A little while ago, we covered the idea of using photovoltaic materials to drive enzymatic reactions in order to produce specific chemicals. The concept is being considered mostly because doing the same reaction in a cell is often horribly inefficient because everything else in the cell is trying to regulate the enzymes, trying to use the products, trying to convert the byproducts into something toxic, or up to something even more annoying. But in many cases, these reactions rely on chemicals that are only made by cells, leaving some researchers to suspect it still might be easier to use living things in the end.
A new paper in Nature Catalysis may support or contradict this argument, depending on your perspective. In the end, the authors of the new paper re-engineer standard brewer’s yeast to produce molecules that can be used as fuel for internal combustion engines. The full catalog of changes they have to make is a bit mind-numbing and most achieve a small, incremental increase in production. The end result is a large step forward toward biofuel production, but the effort involved is intimidating.
Brewer’s yeast, as the name implies, can already produce a biofuel: alcohol. But ethanol isn’t a drop-in replacement for many current uses, which raises questions about its overall utility. If we have to re-engineer both our engines and our infrastructure in order to use it to replace fossil fuels, then there’s not much space for a smooth transition away from gasoline and other liquid fuels.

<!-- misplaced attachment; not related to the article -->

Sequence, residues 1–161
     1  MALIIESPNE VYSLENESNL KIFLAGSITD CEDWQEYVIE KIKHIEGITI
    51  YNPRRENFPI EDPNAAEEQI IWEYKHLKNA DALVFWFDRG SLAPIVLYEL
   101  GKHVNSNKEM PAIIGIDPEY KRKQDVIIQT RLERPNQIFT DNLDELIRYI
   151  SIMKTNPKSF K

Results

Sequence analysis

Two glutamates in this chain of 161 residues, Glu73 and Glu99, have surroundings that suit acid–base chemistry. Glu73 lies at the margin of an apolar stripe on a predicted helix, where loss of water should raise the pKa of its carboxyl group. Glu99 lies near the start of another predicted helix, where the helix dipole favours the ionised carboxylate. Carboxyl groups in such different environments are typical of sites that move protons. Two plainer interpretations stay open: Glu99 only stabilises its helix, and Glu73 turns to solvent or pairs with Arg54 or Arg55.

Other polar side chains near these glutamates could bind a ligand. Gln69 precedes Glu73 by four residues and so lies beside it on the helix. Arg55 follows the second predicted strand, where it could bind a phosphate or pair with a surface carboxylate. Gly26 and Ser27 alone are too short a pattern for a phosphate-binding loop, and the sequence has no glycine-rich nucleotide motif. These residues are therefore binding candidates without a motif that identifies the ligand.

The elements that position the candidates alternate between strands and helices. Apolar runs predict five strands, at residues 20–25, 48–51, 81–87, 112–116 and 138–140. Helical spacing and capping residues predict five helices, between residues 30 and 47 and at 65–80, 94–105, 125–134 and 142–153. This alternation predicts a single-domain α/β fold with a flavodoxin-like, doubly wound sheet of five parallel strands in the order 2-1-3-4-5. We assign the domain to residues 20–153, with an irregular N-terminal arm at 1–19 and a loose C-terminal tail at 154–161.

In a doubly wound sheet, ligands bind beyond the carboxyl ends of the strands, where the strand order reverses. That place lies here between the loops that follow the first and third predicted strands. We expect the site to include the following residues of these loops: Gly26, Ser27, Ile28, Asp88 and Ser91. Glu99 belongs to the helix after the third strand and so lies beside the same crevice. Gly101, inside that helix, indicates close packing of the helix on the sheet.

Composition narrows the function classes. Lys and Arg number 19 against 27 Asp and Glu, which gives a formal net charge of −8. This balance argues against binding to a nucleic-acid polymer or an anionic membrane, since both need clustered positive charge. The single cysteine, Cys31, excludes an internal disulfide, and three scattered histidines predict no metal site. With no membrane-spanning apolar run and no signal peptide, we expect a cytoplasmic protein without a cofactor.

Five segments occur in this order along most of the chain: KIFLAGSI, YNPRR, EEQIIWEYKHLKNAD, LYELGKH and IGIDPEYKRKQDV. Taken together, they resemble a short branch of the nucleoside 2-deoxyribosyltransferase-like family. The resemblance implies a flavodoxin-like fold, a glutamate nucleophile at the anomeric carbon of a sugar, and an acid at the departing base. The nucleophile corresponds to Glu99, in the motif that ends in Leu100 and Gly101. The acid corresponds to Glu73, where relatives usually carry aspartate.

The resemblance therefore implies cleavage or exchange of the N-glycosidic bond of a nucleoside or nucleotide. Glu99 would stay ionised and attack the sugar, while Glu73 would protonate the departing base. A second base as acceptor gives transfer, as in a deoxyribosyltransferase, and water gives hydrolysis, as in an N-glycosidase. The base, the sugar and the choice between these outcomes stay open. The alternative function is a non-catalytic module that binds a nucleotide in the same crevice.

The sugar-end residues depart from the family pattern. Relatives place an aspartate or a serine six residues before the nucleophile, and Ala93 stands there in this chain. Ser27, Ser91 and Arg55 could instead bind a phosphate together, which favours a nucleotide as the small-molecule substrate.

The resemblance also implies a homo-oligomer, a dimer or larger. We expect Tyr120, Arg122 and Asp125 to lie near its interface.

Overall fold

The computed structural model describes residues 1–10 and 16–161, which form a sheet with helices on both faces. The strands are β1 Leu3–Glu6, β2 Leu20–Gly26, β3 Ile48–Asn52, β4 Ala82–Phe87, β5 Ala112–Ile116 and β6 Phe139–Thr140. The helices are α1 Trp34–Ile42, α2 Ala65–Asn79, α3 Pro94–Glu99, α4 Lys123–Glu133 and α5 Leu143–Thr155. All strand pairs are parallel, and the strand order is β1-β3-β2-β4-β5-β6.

But yeast obviously produce a lot of chemicals in addition to ethanol, and some of them are much more similar to our hydrocarbon fuels. Most liquid fuels are short strings of carbon atoms with hydrogen linked to each carbon. That mostly describes the building blocks of fats, which differ from hydrocarbon fuels in that one of the carbon atoms at the end of the string is hooked up to a couple of oxygens. These molecules also have a longer string of carbon atoms than a typical fuel—18-24 carbon atoms, rather than six to 12. But living things produce them in abundance, since they’re used to make membranes and store energy.
Still, as challenge go, this one sounds relatively simple: get the cell to make shorter versions of what it’s already making, then eject those into the media the cells are growing in. We can simply harvest the media, separate out the fuel molecules, and then let the yeast start afresh.
It’s not at all easy.
To begin with, making these molecules is very energy-intensive (they work as energy storage after all), so the cell regulates how much of them are made. Adding to the challenge, the shorter versions of these fat materials turn out to be toxic to the cells, and we’re not entirely sure why. Finally, they’re not especially soluble in the water that the yeast live in. All of which means it’s not at all easy to get this to work, but an international team of researchers was determined to try.